Financial Literacy and Its Link to Overall Well-Being: The "Cluster Effect"
13 Dec, 2018, 06:59 ET
Canadian Life and Health Insurance Association Hosts the Financial Consumer Agency of Canada and BestLifeRewarded Innovations to present to Stakeholders during a Financial Literacy and Wellness Webinar
OAKVILLE, ON, Dec. 13, 2018 /CNW/ -
On December 6, 2018 in honour of Financial Literacy Month, the Financial Literacy and Wellness presentation focused on the relationship between financial well-being and overall wellness, as well as what tools and resources can be used to support employee health and well-being.
Maria Vranas, Manager, Financial Literacy Program | Financial Consumer Agency of Canada (FCAC)
- Financial Consumer Agency of Canada (FCAC) is a federal government agency responsible for protecting consumers of financial services and products. FCAC was established in 2001 by the federal government to strengthen oversight of consumer issues and expand consumer education in the financial sector. View their online programs, tools and resources.
Susanne Cookson, Co-founder, BestLifeRewarded Innovations Inc.
- BestLifeRewarded Innovations (BLRi) currently services over 12,000 employers, supporting more than 3 million Canadians. A customizable platform that elevates organizational health and wellness programming, BLRi's innovative system combines proven behaviour-change models to motivate members to embrace the benefits of healthy living. To learn more visit www.bestliferewardedinnovations.com.
Webinar summary: Part I (FCAC)
The relationship between financial literacy and wellness
Money is the leading cause of stress in Canada—and around the world. According to recent studies, 41% of Canadians feel money is their greatest source of stress while it's cited as the number 1 concern for citizens in over 20 countries surveyed (Financial Planning Standards Council, 2018; Canadian Payroll Association, 2018; GFK, 2015). Financial-related stress impacts our health and can cause an increase in a variety of troubling physical symptoms such as migraines, depression and anxiety.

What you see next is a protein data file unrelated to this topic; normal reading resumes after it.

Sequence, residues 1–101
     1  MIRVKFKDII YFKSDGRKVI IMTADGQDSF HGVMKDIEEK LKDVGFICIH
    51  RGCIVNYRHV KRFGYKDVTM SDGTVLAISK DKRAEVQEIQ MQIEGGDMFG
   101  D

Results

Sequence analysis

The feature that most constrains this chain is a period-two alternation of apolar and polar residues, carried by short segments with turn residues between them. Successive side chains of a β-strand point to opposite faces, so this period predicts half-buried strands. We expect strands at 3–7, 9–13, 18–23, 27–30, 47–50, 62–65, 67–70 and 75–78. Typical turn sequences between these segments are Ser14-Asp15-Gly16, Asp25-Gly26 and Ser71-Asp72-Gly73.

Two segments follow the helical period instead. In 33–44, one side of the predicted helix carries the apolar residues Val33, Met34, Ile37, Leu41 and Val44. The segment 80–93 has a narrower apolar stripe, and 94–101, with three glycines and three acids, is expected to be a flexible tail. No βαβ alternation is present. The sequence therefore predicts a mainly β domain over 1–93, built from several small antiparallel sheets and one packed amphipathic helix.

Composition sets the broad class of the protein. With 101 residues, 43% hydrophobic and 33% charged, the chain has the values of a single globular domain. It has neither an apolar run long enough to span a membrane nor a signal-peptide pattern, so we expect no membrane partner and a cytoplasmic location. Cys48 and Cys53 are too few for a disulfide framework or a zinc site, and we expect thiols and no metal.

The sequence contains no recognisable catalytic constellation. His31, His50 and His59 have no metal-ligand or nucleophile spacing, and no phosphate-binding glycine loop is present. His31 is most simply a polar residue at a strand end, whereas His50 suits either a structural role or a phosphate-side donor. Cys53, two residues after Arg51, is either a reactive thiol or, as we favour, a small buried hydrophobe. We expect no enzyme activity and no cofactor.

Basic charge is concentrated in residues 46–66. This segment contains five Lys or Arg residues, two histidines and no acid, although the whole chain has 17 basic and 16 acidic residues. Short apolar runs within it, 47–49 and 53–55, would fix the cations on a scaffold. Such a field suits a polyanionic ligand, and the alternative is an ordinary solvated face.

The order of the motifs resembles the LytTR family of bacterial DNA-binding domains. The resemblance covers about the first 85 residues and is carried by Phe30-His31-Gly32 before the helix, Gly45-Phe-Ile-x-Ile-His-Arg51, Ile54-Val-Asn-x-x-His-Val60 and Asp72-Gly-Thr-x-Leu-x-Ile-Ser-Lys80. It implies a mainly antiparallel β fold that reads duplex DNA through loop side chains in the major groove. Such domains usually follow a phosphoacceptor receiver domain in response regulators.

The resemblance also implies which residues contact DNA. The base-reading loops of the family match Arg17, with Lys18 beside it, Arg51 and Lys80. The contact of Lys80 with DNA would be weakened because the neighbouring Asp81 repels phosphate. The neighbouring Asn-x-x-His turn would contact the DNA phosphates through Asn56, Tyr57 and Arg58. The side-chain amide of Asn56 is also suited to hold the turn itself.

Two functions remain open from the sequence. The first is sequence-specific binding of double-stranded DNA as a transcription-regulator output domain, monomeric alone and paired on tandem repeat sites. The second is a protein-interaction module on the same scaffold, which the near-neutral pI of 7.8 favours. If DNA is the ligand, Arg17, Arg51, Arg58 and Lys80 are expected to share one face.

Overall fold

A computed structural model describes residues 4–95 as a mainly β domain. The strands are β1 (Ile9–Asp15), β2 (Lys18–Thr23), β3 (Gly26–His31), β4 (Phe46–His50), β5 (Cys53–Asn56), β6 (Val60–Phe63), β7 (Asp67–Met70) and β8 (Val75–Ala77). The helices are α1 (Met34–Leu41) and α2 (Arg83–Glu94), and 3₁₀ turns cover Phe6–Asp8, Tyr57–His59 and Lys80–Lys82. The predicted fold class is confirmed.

The impact of financial stress in the workplace
Financial stress doesn't discriminate—it impacts everyone regardless of your age or income level. In addition to affecting the overall health of employees, it's been found to negatively influence employee performance in the workplace. Financial stress can reduce employee focus, weaken company morale and increase benefit costs such as sick leave. Given its profound impact on organizations, employers have an important role to play when it comes to employee financial literacy.
Benefits of workplace wellness programs
The good news is that there are many things employers can do to support financial wellness in the workplace. Doing so can lead to a variety of organizational benefits such as increases in brand recognition, better staff retention, lower absenteeism and higher productivity to name a few. Employees are receptive to receiving financial wellness support in the workplace, with 84% stating they would be interested in receiving such information from their employer (Canadian Payroll Association, 2018).
Wellness program support for employers
FCAC partnered with BestLifeRewarded Innovations (BLRi) last year to launch a workplace initiative that provided tools to better support employee financial wellness programs – more about the MoneyFit Challenge is provided below. It included research, communications materials, outreach activities, as well as new online tools and resources from FCAC. You can find these online programs, tools and resources, including a workplace financial literacy page at Canada.ca/financial-literacy.
FCAC will also be launching new web content in 2019 on financial wellness programs in the workplace. The content is based on industry best-practices, and will provide both employers with strategies to improve the financial well-being of their employees.
Webinar summary: Part II (BLRi)
The economic impact of wellness
When it comes to wellness, prevention is the key priority. Of the three well-being pillars (physical, mental and financial) some are more naturally thought of than others—but they're all interrelated. It is widely known that the five modifiable risk factors for chronic disease (excess weight, unhealthy diet, physical inactivity, smoking and excessive use of alcohol) contribute to hefty costs to the Canadian economy—an estimated $69.4 billion is spent annually (Krueger, 2016). Awareness surrounding mental and financial health, however, has also grown exponentially in the last five years. People are increasingly aware that money worries are a significant driver for workplace stress, and financial hardship can lead to significant mental health issues. Mental, physical and financial health challenges tend to have a "cluster effect," compounding their impact. Symptoms such as a chronic lack of sleep, low exercise levels or increased alcohol usage work together, amplifying employee productivity challenges and causing serious financial consequences for employers.